By Jonathan Meaney
Many drinkers in the West would probably turn their noses up at the thought of drinking wine from the former Soviet Union, but Western, and indeed Asian, noses have become more receptive to the fruits of Georgia’s growing wine industry
In Forbes’ list of “Nine Wines and Spirits to Start Drinking in 2015”, the magazine named wines from the relatively unknown winemaking state of Georgia—that is the former Soviet state located in the Caucasus region at the border of Asia and Europe, not the U.S. state. In January, the New York Times included Pheasants Tears, a wine produced by American expat John Wurdeman and his partner in Georgia’s Tibani region, on its “20 Wines for under $20” list.
Such recognition is indicative of the growing popularity of Georgian wines in the United States. According to a report by news outlet Voice of America, Georgian wines are being well-received by consumers in the U.S. capital of Washington D.C. “More and more people are more knowledgeable of Georgian wines,” said one liquor store owner who reported that monthly sales of Georgian wines in his store have grown from one or two cases to 20-plus cases in just two years; while a bartender at a popular D.C. restaurant claimed that once customers try a Georgian wine, “they’re generally hooked”.
The wine industry is ingrained in Georgia’s history and remains a stalwart of the economy. In fact archeological evidence suggests that it could well be the birthplace of winemaking with a tradition that stretches back 8,000 years. It has 18 winemaking regions and is home to 400 varieties of grape—a greater diversity than any other country.
Most vineyards are still small family-owned businesses that use the same ancient wine-making methods—typically in huge, underground clay vessels called "qveri". This is why Georgian wines are proving popular with organic or natural wine lovers, one of whom is American Alice Feiring, a well known natural wine connoisseur and author who will release her book on Georgia’s wine revival next year. “My first visit to Georgia was in 2011 when the wine revival—spurred by an influx of government grants for promotion and development—was in full swing. At that point there were only about ten commercial wineries. Today, that number has swelled to about 30,” writes Alice in a recent article for online magazine Punch.
One reason behind Georgian wine’s growing popularity in the U.S. was the former soviet state’s push to find new exports markets following a trade embargo imposed in 2006 by Russia, which was by far its largest export market. As a result of the embargo, Georgia’s wine producers found themselves with no alternative but to market their products further afield, and their efforts have proved fruitful. Since 2006, the industry has been transformed and has experienced rapid growth in new markets. The Russian ban was lifted in 2013, helping Georgia’s wine exports to reach 59 million bottles, or $183 million, last year. In terms of bottles exported, that was a 34% increase on 2013.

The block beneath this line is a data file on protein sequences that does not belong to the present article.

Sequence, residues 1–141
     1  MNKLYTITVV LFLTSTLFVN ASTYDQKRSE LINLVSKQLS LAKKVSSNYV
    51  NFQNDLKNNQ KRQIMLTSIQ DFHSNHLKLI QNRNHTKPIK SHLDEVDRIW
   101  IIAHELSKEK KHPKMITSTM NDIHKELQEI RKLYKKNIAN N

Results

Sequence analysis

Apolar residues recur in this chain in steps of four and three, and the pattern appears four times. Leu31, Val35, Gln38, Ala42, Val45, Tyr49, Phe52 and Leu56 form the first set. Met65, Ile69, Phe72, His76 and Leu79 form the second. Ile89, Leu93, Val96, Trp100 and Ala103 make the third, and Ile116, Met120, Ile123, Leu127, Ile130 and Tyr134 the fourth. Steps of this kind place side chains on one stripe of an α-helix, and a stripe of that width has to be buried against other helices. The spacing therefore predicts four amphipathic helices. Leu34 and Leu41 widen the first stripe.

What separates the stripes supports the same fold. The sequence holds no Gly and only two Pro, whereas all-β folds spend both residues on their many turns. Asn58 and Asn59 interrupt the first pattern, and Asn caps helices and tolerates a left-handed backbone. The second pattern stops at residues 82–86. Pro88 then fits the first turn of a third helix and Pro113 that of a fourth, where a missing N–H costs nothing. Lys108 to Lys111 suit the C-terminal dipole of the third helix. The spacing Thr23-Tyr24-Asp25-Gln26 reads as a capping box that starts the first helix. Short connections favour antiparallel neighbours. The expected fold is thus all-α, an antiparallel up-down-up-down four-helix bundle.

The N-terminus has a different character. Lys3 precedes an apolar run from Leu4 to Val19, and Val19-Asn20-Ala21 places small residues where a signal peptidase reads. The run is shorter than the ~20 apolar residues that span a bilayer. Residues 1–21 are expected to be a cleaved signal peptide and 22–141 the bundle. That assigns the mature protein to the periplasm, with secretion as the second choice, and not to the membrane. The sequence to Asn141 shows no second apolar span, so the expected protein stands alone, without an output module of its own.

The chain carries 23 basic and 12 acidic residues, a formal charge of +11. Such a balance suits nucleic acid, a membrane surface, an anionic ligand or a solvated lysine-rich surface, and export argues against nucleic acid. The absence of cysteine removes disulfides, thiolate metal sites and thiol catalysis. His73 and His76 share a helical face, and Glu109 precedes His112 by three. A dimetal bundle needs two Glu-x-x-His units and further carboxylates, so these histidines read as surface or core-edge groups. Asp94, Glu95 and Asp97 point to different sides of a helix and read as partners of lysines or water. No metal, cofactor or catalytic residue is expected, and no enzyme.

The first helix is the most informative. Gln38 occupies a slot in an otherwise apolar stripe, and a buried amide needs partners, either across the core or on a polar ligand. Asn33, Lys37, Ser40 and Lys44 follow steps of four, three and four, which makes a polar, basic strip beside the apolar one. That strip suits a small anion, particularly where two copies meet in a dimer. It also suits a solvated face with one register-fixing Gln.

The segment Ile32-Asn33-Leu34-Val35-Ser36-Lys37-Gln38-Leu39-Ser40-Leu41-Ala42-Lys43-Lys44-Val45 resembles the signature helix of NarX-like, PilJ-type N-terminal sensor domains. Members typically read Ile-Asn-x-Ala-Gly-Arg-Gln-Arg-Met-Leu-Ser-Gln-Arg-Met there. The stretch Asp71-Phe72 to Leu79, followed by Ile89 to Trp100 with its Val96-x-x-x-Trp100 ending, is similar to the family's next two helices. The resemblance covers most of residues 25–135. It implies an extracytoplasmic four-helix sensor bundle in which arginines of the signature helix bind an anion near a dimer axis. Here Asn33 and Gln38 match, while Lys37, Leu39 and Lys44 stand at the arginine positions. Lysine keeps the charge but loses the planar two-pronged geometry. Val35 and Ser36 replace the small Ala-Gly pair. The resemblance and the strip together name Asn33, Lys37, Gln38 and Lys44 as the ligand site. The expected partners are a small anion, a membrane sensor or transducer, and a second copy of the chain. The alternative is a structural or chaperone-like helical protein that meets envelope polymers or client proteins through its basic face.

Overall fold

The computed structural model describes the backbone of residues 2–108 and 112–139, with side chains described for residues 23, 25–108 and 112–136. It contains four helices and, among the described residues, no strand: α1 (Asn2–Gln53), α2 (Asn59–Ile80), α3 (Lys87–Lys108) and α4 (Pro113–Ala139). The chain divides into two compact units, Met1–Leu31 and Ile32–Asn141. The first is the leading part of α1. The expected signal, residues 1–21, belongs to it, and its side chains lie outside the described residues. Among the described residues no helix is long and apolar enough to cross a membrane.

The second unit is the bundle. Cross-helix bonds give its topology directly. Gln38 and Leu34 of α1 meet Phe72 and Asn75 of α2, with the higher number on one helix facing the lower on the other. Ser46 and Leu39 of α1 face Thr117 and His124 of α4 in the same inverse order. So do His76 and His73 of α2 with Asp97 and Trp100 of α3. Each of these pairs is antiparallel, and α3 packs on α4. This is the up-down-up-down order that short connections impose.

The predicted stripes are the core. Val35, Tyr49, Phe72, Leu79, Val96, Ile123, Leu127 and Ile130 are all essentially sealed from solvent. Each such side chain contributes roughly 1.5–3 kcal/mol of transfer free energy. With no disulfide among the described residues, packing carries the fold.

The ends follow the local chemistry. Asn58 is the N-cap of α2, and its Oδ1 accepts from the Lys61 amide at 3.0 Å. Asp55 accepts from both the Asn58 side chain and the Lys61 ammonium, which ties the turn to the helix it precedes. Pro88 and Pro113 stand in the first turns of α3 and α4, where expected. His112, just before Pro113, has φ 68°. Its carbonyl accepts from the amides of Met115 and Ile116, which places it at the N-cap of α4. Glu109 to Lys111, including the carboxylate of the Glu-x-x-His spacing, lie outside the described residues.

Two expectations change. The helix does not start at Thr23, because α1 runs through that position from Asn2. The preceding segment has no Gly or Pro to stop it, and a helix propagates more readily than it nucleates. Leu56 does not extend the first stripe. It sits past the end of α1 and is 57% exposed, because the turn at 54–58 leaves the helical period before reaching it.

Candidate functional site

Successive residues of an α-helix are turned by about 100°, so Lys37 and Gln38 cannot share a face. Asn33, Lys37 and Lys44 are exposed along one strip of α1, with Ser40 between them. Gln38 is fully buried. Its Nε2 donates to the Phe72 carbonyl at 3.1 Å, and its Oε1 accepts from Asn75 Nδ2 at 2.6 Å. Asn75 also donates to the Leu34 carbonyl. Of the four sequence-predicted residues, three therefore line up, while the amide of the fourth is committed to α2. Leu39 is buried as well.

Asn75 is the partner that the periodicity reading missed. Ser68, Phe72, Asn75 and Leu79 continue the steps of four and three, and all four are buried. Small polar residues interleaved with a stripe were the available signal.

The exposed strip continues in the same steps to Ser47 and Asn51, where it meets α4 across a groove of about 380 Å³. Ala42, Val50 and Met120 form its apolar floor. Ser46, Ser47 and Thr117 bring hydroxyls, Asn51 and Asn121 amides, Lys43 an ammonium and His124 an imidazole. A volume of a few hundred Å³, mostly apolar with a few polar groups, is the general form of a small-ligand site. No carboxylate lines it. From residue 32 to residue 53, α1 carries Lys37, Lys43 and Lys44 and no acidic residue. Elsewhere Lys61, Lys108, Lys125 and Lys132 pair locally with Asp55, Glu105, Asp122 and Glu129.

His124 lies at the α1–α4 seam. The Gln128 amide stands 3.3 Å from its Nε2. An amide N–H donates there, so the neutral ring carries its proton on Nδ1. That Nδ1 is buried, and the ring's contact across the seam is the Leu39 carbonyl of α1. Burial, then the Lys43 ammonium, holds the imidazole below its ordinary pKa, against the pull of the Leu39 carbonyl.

Georgia exported wine to 40 different countries in 2014, but Russia still accounted for 64% of total exports. With the Russian trade embargo still fresh in the minds of Georgia’s winemakers, they continue efforts to lower their commercial dependence on their fickle neighbour and strengthen their presence in global markets; and indeed they made good ground in this regard during the embargo years between 2006 and 2013.
Besides the U.S., Georgian wine is increasingly tickling the taste buds of drinkers in Europe, which took 15% of the Caucasus nation’s total wine exports in 2015. While it will remain tough to crack Southern Europe’s traditional winemaking countries such as France, Spain and Italy, markets in Northern and Eastern Europe have generally been more receptive. An increase in European sales will no doubt be aided by the Georgian-E.U. association agreement that was established last summer, which includes a Deep and Comprehensive Free Trade Agreement that removes tariffs on a wide range of goods and services, including wine. Under the association agreement the EU will also support the modernization of Georgia’s agricultural sector, which should in turn lead to modernization and further commercialization of its wine industry.
The growth of Georgia’s commercial vineyards is also being spurred by the rising middle class in Asia and its increasing thirst for the finer things in life. In 2014 China consumed 144 million cases of wine, a 69% rise since 2009. Georgia exported nearly 1.2 million bottles of wine to the Chinese market in 2014, which was 34% more than the previous year. While this accounts for a tiny fraction of the total size of the Chinese market, Georgia’s wine producers such as Tbilvino, Teliani Valley and Schumann Wines will continue to push for bigger sales in the Orient; and Georgia’s geographical position is bound to help them in this regard. “China is a huge market and high quality Georgian wine definitely has great potential there,” Liu Bo, Economic and Commercial Counsellor of the Embassy of China in Georgia, said in a recent interview.
Other Asian markets targeted by Georgian vineyard owners include India and South Korea. Teliani Valley says it plans to enter the Indian market in 2015, while the South Korean market, albeit small, increasingly holds greater significance for Georgia’s winemakers.
As part of its programme to boost the wine industry, the Georgian government plans to offer low-interest loans to farmers and reform the current vineyard certification system and quality controls on wine. It also announced in December that it would fund a new winery that is set to be one of the country's largest, with processing capacity for 12,000 tonnes of grapes per year. With government plans to support the establishment of more commercial wineries in the coming years, the future is looking rosé for Georgia’s wine industry.